Landmark Study Identifies Key Brain Difference In Autism
Neuroscientists at Harvard and MIT have identified, for the first time, a link between the activity of the neurotransmitter GABA and symptoms of autism — a finding that may pave the way for new methods of treating and diagnosing the disorder.
“This is the first connection in humans between a neurotransmitter in the brain and an autistic behavioral symptom,” Caroline Robertson, a postdoc at MIT’s McGovern Institute for Brain Research and the study’s lead author, said in a statement.
The role of the GABA neurotransmitter is to inhibit brain cells from firing in response to signals received from the external environment — or as Robertson told The Huffington Post, to curb “runaway excitation” in the brain.
“GABA is responsible for signaling that neurons should turn off, or stop firing,” Robertson told HuffPost. “It tends to come into play … when information is being transmitted and it needs to be shut down or filtered out.”
Scientists have speculated that a lack of GABA inhibition to overexcited neurons could be the underlying cause of the hypersensitivity to sensory input seen in individuals with autism.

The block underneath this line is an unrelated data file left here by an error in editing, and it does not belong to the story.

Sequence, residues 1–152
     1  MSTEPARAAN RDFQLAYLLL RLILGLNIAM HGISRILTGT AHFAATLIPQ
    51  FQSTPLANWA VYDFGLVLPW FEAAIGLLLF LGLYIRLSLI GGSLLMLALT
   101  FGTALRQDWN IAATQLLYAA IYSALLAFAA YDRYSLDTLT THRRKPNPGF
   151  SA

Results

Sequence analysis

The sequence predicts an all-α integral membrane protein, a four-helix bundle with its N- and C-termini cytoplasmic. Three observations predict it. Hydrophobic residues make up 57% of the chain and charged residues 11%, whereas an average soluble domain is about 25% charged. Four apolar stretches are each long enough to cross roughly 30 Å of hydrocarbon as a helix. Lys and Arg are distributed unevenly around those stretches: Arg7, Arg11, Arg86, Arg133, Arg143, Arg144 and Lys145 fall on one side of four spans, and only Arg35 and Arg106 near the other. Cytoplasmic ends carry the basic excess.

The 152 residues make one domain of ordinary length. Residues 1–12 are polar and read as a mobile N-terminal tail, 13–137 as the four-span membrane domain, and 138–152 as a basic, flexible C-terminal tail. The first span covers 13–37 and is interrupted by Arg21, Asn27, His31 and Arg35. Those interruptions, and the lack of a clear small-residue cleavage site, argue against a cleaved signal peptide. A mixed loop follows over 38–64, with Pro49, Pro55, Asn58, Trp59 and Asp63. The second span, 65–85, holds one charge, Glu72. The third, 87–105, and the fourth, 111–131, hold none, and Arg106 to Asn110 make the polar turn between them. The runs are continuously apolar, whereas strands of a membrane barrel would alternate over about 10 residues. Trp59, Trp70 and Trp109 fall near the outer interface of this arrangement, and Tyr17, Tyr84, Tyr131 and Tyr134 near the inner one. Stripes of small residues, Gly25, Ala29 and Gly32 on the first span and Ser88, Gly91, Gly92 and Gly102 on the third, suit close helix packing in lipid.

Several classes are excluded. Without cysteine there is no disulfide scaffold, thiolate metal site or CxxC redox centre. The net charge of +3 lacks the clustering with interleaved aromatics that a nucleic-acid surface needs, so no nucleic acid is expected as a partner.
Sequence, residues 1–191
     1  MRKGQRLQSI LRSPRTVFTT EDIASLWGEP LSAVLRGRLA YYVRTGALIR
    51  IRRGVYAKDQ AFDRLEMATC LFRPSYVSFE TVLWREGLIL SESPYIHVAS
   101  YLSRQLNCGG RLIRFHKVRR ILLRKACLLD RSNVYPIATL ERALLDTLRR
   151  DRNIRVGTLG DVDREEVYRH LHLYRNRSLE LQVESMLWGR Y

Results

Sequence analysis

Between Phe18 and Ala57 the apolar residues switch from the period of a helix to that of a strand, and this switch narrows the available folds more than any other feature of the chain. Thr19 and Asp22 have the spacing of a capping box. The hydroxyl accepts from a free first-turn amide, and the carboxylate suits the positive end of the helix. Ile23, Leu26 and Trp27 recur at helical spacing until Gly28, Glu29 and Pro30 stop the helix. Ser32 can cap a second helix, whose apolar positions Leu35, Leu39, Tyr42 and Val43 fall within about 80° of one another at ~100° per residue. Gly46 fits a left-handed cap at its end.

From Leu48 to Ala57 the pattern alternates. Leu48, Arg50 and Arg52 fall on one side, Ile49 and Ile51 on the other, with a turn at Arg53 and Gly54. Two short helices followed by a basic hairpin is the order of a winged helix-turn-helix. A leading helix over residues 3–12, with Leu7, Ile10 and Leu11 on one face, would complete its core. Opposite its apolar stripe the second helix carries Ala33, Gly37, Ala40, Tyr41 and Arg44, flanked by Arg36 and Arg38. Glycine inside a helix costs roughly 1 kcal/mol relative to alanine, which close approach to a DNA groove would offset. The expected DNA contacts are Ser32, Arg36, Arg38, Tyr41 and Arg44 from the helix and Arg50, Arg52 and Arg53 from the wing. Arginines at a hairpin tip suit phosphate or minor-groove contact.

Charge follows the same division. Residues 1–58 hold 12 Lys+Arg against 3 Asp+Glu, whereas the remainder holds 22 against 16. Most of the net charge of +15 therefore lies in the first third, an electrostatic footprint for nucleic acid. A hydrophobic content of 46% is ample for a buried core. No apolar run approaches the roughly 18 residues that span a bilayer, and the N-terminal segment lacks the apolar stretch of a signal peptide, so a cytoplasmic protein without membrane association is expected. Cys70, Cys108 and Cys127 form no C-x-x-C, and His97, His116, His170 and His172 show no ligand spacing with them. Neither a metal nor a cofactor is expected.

“It’s necessary to filter out signals in the external world that aren’t relevant to the task at hand,” Robertson said. “GABA helps us in this kind of inhibition.”
Hypersensitivity to one’s external environment makes it difficult for individuals with autism to tune out distracting sounds and sensations, and can make them feel overwhelmed in loud or highly stimulating situations. For instance, some children with autism tend to be easily distracted by sensations like the feel of an itchy sweater or by ambient noise in the background of a conversation. Hypersensitivity also plays a role in the main symptoms of the disorder, including impaired social skills, communication difficulties and repetitive behaviors.
So, it may be that when GABA —> Read More